2) Level 2
Level 2 is slightly more protective than level one and can be used for general handling, packaging, automotive work, etc.
3) Level 3
It’s used for medium cut hazards like construction, electrical work, plumbing, warehouse work, etc.
4) Level 4
It can be used for high cut hazards but doesn’t provide as much protection as level 5. Workers can use it for construction, steel handling, glass handling, etc.
5) Level 5
This is the highest level according to EN388 and can be used for highly hazardous work like metal stamping, metal recycling, food processing, etc.
This was a guide to cut resistance levels, below we’ll let you know about important factors you need to consider while purchasing gloves for you.
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Important factors for Choosing the right gloves
- Always remember two things to purchase the right cut resistant gloves for your job:
- No gloves are totally cut-proof.
- The gloves with the highest cut resistance level are not always suitable for your job.
You need to consider things like:
1. Nature of your work
To choose the right cut-resistant gloves for you, it’s very important to know about the nature of your work. If you purchase gloves without considering your work’s nature, the possibility of getting the wrong protection level increases, making your purchase irrelevant to your work needs.
2. Risks of your work
It’s very important to remember the risks of your job if you want to get the right gloves for you. Without knowing the risks, it’s not possible to get the correct type of cut-resistant gloves. E.g. Level 1 or 2 might be good for you if you’re not performing a high-risk job and only need gloves for basic indoor work, but they won’t be good when you’re handling high-end industrial machines, etc.
3. Dexterity of the material
Dexterity is a huge factor you need to consider for purchasing the right gloves. It refers to the ease of doing work. If the gloves have high dexterity, it provides you with mobility to perform your tasks easily. But always remember not to compromise your safety for dexterity, try to get a pair of gloves that have a perfect level of dexterity and cut resistance.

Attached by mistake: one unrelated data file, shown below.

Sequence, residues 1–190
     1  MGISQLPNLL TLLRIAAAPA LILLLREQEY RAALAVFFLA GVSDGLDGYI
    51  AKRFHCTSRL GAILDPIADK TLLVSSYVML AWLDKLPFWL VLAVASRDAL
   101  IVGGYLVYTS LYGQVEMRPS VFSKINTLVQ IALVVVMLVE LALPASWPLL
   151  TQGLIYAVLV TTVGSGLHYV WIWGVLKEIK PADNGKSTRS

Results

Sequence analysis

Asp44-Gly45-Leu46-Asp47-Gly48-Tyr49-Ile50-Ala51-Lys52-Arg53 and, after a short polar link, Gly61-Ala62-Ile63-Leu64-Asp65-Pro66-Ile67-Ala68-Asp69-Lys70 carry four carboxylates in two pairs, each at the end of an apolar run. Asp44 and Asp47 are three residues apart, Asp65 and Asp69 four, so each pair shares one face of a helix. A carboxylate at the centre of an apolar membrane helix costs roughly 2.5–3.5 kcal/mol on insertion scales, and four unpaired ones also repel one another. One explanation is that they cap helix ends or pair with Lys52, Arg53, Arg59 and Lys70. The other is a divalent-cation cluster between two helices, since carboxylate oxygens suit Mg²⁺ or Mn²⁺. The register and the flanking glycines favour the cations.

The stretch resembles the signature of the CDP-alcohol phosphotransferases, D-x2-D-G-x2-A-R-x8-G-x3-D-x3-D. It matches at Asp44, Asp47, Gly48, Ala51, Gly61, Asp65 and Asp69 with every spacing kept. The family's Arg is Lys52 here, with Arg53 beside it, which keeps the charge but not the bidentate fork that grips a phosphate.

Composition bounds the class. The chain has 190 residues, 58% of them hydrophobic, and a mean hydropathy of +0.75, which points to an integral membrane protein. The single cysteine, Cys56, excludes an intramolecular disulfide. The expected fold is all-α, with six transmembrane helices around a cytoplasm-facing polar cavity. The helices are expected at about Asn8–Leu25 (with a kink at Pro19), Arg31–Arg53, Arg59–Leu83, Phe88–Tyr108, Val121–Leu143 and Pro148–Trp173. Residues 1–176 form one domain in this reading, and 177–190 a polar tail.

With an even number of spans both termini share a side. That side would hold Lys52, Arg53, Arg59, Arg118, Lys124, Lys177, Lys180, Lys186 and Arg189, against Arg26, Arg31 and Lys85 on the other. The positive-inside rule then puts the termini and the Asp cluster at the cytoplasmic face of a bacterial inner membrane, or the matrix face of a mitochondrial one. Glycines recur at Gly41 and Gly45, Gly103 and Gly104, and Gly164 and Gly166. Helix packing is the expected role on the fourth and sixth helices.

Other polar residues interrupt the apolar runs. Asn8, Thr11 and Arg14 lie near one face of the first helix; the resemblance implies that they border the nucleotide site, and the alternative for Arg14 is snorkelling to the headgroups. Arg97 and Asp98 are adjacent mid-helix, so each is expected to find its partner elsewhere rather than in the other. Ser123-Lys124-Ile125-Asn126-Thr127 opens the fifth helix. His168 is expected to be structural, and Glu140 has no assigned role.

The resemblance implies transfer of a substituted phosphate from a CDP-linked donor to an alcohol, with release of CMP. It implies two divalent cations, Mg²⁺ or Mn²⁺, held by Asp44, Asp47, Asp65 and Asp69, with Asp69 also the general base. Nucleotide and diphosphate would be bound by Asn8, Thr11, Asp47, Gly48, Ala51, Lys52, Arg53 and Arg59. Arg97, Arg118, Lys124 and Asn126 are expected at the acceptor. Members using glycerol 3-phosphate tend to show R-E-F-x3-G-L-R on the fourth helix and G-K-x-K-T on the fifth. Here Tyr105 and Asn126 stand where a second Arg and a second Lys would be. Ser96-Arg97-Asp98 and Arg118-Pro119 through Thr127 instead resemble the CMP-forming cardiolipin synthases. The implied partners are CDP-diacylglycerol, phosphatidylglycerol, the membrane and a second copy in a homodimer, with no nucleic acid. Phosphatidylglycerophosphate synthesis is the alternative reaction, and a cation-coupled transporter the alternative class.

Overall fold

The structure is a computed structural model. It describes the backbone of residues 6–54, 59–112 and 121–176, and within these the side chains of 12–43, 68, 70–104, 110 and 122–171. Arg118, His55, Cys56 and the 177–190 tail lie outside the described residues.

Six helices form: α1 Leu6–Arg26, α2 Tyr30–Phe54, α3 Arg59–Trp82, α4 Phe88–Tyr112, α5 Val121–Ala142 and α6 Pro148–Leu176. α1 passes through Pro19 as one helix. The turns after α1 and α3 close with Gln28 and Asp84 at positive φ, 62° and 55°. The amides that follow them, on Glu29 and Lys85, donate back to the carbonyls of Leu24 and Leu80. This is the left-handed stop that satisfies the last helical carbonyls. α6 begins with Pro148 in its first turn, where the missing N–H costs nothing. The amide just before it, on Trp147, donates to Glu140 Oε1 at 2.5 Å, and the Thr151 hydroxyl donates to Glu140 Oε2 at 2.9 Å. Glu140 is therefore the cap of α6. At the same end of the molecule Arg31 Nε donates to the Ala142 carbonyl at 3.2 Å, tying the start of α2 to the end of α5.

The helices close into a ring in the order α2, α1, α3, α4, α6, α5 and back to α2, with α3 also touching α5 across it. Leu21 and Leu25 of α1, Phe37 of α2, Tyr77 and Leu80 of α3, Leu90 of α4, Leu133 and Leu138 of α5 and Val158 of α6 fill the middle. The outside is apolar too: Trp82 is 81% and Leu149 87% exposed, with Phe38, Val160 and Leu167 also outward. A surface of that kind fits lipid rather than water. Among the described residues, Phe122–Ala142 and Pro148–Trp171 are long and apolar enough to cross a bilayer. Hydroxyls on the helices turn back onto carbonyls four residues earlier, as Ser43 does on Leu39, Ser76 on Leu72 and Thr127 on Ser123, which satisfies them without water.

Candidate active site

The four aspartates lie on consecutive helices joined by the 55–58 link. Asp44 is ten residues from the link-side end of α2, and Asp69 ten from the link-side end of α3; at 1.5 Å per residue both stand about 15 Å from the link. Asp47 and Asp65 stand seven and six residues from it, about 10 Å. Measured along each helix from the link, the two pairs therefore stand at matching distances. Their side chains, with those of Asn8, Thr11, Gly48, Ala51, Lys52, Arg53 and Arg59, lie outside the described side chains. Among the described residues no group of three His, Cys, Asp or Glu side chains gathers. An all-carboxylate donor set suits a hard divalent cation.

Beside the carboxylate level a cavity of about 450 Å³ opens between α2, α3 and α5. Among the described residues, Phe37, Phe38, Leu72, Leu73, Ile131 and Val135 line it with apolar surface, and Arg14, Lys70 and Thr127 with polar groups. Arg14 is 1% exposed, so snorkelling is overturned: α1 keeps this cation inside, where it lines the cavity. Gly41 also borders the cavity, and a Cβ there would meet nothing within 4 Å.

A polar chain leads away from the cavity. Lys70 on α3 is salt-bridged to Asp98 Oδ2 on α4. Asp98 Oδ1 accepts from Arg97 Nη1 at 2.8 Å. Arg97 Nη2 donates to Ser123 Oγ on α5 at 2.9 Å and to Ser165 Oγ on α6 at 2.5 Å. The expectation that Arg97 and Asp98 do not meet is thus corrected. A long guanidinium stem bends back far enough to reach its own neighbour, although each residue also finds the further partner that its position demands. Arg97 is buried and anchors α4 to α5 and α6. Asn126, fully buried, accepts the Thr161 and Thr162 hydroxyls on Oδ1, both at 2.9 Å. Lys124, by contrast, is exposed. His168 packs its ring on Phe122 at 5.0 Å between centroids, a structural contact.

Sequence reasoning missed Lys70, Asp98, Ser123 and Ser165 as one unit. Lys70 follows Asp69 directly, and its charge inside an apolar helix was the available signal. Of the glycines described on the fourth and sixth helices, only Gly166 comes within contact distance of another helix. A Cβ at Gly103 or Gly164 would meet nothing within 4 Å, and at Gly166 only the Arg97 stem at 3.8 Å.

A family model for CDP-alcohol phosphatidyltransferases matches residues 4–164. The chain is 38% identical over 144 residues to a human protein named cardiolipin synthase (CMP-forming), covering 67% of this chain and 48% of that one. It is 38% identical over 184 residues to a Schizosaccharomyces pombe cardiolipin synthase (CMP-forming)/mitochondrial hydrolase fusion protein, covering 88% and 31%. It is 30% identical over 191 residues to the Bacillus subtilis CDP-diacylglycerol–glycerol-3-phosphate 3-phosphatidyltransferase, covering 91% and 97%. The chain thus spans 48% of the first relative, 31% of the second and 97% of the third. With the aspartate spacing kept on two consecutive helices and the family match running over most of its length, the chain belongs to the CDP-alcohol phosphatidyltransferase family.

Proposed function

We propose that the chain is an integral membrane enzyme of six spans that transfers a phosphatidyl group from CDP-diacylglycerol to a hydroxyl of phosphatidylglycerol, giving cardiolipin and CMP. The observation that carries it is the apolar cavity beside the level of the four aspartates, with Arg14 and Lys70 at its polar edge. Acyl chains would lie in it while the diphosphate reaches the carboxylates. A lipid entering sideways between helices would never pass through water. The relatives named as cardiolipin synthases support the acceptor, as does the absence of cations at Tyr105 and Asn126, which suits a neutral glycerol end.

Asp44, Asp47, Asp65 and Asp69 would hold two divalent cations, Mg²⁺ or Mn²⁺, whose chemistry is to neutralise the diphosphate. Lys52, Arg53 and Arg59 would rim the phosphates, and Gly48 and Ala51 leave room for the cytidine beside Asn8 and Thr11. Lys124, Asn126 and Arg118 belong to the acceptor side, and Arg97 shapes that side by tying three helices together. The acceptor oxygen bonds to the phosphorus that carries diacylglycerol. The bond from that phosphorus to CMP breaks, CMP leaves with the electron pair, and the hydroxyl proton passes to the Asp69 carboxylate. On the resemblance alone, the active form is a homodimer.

4. Level of comfort
It’s very important to check whether the gloves you’re buying will provide you comfort while working or not. If they are uncomfortable, you’ll not be able to do your work accurately. Select the gloves that have balanced comfort and safety.
5. Size of gloves
The size of gloves matters a lot when it comes to safety. If the glove size isn’t accurate, you can probably get injured. The size of gloves can vary according to the nature of your work. If your work requires long gloves, you should have to buy them for better safety.
6. Type of gloves
Various types of gloves are available in the market depending on the different natures of your work. If your work includes handling sharp objects, manufacturing glass objects, it’s important for you to buy the type of gloves having better cut resistance rather than heat resistance or vice versa.
7. Brand of gloves
Brand matters a lot. If you purchase gloves of any unknown brand, you can compromise your safety at work as their product quality may not be suitable for your needs. Hence, it’s very important to know which brand’s the best and produces high-quality safety gloves. Elite leather is one of the best-known manufacturers of leather safety gloves, so if you need safe industrial wear, you can look into their collection.
If you’re looking for the best quality leather gloves, you can have a look at the variety provided by Elite Leather Creations. They provide top-quality premium leather products at the best prices.
Sibtain Haider, a content contributor at Mainstream Pakistan, associated with trading and digital marketing. Presently working at Digital Eggheads, a well-reputed digital marketing agency in Pakistan.